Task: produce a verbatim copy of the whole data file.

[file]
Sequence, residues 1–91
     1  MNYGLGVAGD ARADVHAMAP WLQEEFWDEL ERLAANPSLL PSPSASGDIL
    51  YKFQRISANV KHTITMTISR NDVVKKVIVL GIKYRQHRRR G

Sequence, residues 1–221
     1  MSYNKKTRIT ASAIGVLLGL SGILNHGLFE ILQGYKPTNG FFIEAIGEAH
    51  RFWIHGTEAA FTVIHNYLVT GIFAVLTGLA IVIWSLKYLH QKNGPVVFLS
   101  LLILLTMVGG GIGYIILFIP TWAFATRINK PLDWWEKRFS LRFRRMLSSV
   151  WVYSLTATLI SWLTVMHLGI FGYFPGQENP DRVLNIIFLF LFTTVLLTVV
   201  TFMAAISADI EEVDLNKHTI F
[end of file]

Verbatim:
Sequence, residues 1–91
     1  MNYGLGVAGD ARADVHAMAP WLQEEFWDEL ERLAANPSLL PSPSASGDIL
    51  YKFQRISANV KHTITMTISR NDVVKKVIVL GIKYRQHRRR G

Sequence, residues 1–221
     1  MSYNKKTRIT ASAIGVLLGL SGILNHGLFE ILQGYKPTNG FFIEAIGEAH
    51  RFWIHGTEAA FTVIHNYLVT GIFAVLTGLA IVIWSLKYLH QKNGPVVFLS
   101  LLILLTMVGG GIGYIILFIP TWAFATRINK PLDWWEKRFS LRFRRMLSSV
   151  WVYSLTATLI SWLTVMHLGI FGYFPGQENP DRVLNIIFLF LFTTVLLTVV
   201  TFMAAISADI EEVDLNKHTI F